Economic engagement with China has become an increasingly hot topic around the nation and public pension officials from Florida to North Dakota are being pressured to pull investments away from Chinese firms. As the pressure to use public pension funds to enact social and/or political change abroad grows, policymakers should know that pension divestiture is unlikely to achieve the desired political goals. Similarly, politically motivated investment divestitures may be incompatible with the fiduciary role of plan managers.
Public pension fund managers are not tasked with conducting U.S foreign policy. As the stewards of our nation’s public retirement systems, plan managers have an ethical obligation as fiduciaries to make prudent, risk-appropriate investment decisions. This undoubtedly requires analysis of all types of risk, including those that are geopolitical. However, they should avoid using the influence granted to them by their funders—public workers and taxpayers—to exacerbate geopolitical risk. Plan managers should defer the politics of foreign policy to the U.S. Congress and White House
Divestiture politics predate the current moment, and past movements have successfully altered the behaviors of pension funds. Nevertheless, shaping pension investment policy based on political activism is likely to become increasingly problematic. Activists that target pension fund investment policies represent a host of ideologies. Fund managers risk making themselves referees on some of society’s most contentious issues as they seek to placate a growing list of contradicting interests.
Not only do divesture policies based on political interests extend beyond the role of public pension fund managers, but they are also very unlikely to accomplish the intended outcome. There is little evidence that divestment movements influence the desired target to encourage policy changes. In the 1980s, students across the U.S. protested the apartheid system in South Africa, demanding their universities divest from companies operating in the country. Despite about 150 educational institutions heeding the plea, researchers found that divestment had no effect on the market value or behavior of South African companies. Given the massive size and economic influence of China, divestment movements targeting China would likely have a similar effect or lack thereof.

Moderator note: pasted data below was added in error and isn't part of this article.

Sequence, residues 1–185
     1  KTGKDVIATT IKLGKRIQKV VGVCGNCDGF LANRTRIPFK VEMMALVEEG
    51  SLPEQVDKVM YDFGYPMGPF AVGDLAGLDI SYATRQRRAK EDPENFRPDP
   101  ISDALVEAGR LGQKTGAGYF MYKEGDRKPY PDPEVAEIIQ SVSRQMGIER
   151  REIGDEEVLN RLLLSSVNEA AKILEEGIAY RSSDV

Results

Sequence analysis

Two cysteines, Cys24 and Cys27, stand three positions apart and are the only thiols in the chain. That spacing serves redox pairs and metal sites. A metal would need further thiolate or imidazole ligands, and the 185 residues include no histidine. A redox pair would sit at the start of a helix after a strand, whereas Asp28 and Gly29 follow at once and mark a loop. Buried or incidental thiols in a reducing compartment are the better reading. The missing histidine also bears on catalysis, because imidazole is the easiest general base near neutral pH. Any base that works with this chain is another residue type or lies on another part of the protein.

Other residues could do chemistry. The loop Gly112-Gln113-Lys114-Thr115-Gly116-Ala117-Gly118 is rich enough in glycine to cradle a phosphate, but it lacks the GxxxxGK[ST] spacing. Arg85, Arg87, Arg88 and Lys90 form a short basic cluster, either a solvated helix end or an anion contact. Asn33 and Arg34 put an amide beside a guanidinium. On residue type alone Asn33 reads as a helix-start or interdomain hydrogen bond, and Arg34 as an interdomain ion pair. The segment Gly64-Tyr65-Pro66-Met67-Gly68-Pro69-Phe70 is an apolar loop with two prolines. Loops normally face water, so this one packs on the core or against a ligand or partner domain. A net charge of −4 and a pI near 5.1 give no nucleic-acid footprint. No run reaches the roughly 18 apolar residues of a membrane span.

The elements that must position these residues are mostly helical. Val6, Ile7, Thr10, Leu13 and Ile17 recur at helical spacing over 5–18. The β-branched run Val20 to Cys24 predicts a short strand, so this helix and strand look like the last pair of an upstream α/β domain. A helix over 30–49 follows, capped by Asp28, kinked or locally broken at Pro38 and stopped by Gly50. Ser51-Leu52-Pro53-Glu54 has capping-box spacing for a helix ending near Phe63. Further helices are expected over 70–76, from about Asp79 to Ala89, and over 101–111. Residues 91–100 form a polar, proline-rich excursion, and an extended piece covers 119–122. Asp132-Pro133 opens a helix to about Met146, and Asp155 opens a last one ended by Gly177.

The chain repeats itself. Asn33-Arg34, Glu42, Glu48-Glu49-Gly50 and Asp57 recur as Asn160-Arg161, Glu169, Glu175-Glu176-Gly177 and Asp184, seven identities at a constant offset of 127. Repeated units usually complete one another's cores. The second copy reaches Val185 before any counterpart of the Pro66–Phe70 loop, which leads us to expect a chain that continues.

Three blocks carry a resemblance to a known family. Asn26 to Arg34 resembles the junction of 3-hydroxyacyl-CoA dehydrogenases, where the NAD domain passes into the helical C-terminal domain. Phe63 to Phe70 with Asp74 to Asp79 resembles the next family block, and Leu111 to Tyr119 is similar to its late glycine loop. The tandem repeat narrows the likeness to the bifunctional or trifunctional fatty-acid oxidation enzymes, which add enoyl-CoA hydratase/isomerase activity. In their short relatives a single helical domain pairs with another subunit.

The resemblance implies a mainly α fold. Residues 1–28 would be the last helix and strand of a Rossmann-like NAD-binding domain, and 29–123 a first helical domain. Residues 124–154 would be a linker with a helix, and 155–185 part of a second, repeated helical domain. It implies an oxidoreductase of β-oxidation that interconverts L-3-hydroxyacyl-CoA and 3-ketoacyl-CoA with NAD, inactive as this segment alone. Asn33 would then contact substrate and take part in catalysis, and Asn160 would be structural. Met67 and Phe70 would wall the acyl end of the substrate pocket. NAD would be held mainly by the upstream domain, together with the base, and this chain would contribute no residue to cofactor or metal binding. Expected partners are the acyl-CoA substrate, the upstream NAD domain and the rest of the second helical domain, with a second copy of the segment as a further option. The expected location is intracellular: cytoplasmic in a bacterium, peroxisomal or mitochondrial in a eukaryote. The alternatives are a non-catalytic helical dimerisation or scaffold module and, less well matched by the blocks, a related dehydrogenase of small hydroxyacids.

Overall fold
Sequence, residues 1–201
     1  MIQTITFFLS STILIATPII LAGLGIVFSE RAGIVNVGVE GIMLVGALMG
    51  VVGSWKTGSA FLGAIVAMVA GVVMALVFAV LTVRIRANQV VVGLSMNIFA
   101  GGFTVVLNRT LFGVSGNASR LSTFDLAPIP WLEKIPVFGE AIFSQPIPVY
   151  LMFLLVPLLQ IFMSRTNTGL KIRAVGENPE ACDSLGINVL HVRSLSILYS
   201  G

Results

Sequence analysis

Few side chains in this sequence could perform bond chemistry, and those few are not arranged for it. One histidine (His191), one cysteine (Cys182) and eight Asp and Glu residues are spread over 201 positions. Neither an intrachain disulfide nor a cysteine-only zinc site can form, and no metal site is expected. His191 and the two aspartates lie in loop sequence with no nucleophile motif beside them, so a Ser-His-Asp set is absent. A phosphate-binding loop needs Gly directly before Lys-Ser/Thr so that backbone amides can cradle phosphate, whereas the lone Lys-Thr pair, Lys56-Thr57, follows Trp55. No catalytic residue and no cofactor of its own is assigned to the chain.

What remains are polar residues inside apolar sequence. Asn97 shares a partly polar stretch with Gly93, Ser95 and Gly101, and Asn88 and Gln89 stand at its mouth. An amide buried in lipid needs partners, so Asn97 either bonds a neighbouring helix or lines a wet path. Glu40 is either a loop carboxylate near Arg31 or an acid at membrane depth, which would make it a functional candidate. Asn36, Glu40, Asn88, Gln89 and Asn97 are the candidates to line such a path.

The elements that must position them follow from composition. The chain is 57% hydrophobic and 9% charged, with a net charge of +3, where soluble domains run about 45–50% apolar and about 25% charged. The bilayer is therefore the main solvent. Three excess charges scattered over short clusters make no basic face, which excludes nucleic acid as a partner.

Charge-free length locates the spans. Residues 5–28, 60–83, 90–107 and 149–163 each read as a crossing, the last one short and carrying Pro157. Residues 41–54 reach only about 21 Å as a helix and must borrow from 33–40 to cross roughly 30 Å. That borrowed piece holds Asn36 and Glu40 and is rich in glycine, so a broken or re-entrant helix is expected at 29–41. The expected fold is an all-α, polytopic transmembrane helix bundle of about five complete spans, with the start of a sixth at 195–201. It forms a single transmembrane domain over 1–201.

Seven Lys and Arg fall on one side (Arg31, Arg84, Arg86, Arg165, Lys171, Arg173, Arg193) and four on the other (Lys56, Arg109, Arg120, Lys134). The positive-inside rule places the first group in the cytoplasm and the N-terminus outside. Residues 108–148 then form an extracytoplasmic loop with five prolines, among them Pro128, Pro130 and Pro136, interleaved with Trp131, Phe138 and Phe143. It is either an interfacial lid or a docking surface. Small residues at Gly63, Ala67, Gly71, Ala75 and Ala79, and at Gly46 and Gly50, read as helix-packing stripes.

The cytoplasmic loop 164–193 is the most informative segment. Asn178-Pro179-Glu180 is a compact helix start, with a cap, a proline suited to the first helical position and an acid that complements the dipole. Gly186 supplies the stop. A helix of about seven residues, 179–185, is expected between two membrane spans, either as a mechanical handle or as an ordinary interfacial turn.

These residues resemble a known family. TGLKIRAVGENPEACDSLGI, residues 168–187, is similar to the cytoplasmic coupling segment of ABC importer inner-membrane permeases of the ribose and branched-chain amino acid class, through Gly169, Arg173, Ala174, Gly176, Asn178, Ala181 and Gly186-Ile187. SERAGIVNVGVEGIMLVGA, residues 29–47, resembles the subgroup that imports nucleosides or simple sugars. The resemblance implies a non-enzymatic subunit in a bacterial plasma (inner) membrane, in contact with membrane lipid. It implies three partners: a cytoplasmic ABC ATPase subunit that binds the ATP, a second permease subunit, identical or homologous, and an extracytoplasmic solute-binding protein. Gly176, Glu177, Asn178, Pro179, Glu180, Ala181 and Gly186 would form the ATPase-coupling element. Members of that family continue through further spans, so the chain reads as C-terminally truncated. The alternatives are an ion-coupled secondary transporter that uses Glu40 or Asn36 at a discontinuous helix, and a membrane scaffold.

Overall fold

The long-term viability of a pension system is contingent on the ability of fund managers to strike a balance between achieving sufficient investment returns to have the necessary funding to provide promised benefits and managing risk through diversified investments. The loss of diversification associated with refusing to invest in the world’s second-largest economy will increase the risk facing these funds, and it will likely hamper the efforts to recoup investment losses from the COVID-19 market shock. Divestment policies can be a significant disservice to the public workers that are depending on their benefits to be there when they retire.
The motivation of plan administrators should be exclusively centered on maximizing investment returns and managing the security of the fund through risk-reduction policies – otherwise they will be undermining their fiduciary responsibility to their members. There should be no exceptions for industries some find objectionable (e.g., firearms, tobacco, pipelines, petroleum, etc.), nor are there exceptions for nations.
Although blanketed divestitures policies should warrant hesitation, plans to improve general transparency for foreign securities trading in the United States are a step in the right direction. All foreign financial instruments sold to Americans should be held to the same regulatory standards as their American peers.
With over $1.2 trillion in national public pension debt, the continued challenges governments face during the COVID-19 pandemic, and inadequate retirement security plaguing state and local governments, the nations’ public pension managers need to be focused on advancing prudent pension policy. Pension managers should protect the interests of plan dependents and reject political meddling.
A version of this column previously appeared in Townhall Finance.